The plan for this very afternoon included also renting bikes and visiting the Toronto Islands. However, The Islands have been closed to visitors just that week because of a flood. Therefore, we decided to move the CN Tower visit on Saturday in order to have more free time on Monday. Symbol of Canada, the Cn Tower is the third tallest tower in the world and remains the tallest free-standing structure in the Western Hemisphere. The tower presents three observation levels which you can have access to at different prices. The general admission costs $36 for adults. It allows you the access to the Glass Floor at 342m (1,122 ft.) and to the LookOut Level at 346 m (1,136 ft.). We went for a $48 for adults ticket including the General Admission plus SkyPod – the third and highest observation level. The view from up there was something unique – especially when the sun was going down. At that moment, the ocean and the Toronto Islands got surrounded by a very special light. The view from the LookOut Level is totally worthy. Contrarily, I got pretty disappointed by the SkyPod deck. It is all enclosed by two rows of fences and that makes really difficult having a full view of the skyline and enjoying the sight. The CN Tower attracts thousands of visitors daily. Personally, we waited about one hour and a half to get to the first observation deck. I suggest getting there a couple of hours before the sun sets down if you want to be there in time to enjoy the sunset.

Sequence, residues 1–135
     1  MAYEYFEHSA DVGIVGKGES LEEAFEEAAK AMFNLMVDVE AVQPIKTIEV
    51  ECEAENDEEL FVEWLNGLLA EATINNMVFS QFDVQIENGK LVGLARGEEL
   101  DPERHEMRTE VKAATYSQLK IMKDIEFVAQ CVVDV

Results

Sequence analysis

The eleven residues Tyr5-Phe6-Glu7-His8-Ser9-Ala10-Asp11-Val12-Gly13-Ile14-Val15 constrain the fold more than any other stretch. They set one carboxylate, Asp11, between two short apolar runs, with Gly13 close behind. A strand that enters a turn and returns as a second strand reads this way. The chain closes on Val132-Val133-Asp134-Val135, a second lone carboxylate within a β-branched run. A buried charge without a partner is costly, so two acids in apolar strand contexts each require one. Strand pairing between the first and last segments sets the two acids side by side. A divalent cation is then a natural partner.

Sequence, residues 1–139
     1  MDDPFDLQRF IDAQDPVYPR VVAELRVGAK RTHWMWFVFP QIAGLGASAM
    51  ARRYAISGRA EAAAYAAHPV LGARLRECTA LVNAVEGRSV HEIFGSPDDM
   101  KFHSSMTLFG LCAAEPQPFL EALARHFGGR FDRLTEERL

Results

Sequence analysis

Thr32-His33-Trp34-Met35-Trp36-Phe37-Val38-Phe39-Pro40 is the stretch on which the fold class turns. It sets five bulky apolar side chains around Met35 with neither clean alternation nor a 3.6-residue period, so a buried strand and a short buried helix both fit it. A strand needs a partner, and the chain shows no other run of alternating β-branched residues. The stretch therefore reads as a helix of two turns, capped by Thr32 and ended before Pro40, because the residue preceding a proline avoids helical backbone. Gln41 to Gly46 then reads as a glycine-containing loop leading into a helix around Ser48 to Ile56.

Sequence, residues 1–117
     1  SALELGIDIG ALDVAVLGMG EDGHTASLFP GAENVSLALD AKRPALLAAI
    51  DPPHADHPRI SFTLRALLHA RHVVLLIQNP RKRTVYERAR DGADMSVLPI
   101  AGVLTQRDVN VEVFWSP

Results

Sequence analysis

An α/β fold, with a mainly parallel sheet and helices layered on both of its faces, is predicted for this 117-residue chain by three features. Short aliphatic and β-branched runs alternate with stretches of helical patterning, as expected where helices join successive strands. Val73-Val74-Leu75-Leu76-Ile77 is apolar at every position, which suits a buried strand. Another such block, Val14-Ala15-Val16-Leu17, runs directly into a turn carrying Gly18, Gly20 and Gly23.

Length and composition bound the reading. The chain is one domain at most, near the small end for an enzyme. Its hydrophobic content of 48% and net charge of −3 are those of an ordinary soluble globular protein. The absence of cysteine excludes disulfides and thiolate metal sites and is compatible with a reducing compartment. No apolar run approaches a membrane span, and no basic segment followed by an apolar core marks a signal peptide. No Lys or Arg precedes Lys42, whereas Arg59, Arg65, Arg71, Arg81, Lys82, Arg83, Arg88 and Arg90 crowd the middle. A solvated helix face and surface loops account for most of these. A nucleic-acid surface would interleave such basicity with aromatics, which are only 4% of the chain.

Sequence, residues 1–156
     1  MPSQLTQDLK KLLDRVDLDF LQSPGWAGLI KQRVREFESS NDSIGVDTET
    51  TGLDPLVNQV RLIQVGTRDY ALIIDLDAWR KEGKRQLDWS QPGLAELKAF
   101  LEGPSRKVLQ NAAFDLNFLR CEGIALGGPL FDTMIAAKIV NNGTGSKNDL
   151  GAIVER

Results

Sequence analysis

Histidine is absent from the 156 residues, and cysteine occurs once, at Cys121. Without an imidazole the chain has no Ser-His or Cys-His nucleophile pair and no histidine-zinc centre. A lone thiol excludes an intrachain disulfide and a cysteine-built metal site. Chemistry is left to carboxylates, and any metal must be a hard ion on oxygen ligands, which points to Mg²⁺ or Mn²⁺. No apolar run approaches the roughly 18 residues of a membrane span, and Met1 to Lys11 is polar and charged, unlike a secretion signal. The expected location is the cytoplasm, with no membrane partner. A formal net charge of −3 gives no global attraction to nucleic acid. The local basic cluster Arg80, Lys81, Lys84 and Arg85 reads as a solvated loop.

DAY # 2